Calera WW2 veteran receives Quilt of Valor
Published 12:57 pm Friday, January 20, 2017
By BRIANA HARRIS / Staff Writer
CALERA – Retired Marine Corporal James Olin Beane beamed with pride and appreciation as Jacquelyn McKinstry, the Alabama coordinator for the Quilts of Valor Foundation, draped him with a quilt that was handmade by another veteran named Tim.
“I got a quilt. I’ll stay warm now,” Beane said. “Oh Lord, I sure do appreciate this.”
McKinstry presented the quilt to Beane in the company of his family and friends on Monday, Jan. 9, at family member’s home in Calera. Quilts of Valor is a volunteer-based foundation that was established in 2003 with the goal of comforting veterans by providing them with a handmade quilt.
As of Jan. 9, McKinstry said 151,073 quilts had been given. She said 20 hours is a conservative estimate of how many hours it takes to complete one quilt.
“Less than 1 percent of Americans serve in the military and it’s very important that we remember to serve our veterans just as they have served us,” McKinstry said.
Beane’s oldest daughter Janice Beane Rachels said receiving the quilt and recognition for Quilts of Valor was very emotional for her whole family.
“My daddy has been a great man in my life,” she said. “He’s always taken care of his family. Right now I’m 70 years old and whenever I get ready to make a big decision in my life I still have to talk to him about it.”
Family friend Donna Smitherman is the person who contacted Quilts of Valor on Beane’s behalf. She said he has been like a second father to her since her own father died many years ago.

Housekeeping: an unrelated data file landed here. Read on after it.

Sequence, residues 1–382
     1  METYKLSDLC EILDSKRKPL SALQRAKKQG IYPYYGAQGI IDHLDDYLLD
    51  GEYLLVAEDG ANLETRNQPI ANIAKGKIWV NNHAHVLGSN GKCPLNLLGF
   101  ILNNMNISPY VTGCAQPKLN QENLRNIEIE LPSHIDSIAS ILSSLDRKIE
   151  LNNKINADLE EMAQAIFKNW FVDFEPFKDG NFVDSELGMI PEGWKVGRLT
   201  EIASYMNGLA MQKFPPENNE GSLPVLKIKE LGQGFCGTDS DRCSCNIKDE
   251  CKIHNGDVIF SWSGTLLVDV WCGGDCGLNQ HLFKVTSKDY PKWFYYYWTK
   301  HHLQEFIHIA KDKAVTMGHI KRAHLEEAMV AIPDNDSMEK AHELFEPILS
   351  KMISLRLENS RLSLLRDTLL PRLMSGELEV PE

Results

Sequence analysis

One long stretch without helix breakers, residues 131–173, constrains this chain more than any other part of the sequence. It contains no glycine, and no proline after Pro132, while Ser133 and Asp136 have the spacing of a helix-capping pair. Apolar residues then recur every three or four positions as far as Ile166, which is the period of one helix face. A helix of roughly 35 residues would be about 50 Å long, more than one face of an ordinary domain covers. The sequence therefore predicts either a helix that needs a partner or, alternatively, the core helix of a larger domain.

Beane grew up as the son of a farmer and spent his adolescence working the fields. He joined the Marines in 1942 at 17 years old and was sent to Camp Lejeune where he completed basic training
Because he wasn’t old enough to enlist in the military himself, his parents had to sign for him to join. He completed more training in San Diego before being sent to Japan to fight in World War II.
The 91-year-old said he was a part of the weapons company and began to recall some of his experiences in Japan, like fighting in hand-to-hand combat. To this day he still has Japanese flags that he took when the Japanese surrendered.
After the war, he spent some time in the South Pacific before going back home and getting married in May of 1946. He and his wife had two daughters, Rachels and Donna Beane Bailey.
He went from being an active duty Marine to being in the Marine Reserves. While in the reserves, he was called back up to serve in the Korean Conflict.
“I was so young I didn’t understand what it was all about,” Rachels said. “I used to cry and ask my mama to go get my daddy.”
When Beane came home for good he worked at Blue Circle Cement for 36 years before retiring.
Beane said he’s come so close to death many times – during military and when it comes to dealing with health issues. Rachels said he almost died once from complications with diabetes, and he recently had a stroke and is currently participating in physical therapy to help in his recovery.
“He sometimes says, ‘I don’t know why God has left me here for so long,’” Rachels said. “And I say, ‘It’s because he knows how much we need you.’ There aren’t any words to explain how important he’s been in our lives. We just love him so much and we’re so proud of him.”
Beane has three grandkids – Janatha Thompson-Womack, Jason Rachels and Misty Bailey Edwards; and nine great grandkids – Zach Thompson, Nick Thompson, Anna Thompson, Andrew Thompson, Tyler Thompson, Emily Beth Thompson, Ashton Rachels, Jaxon Rachels and Jack Edwards.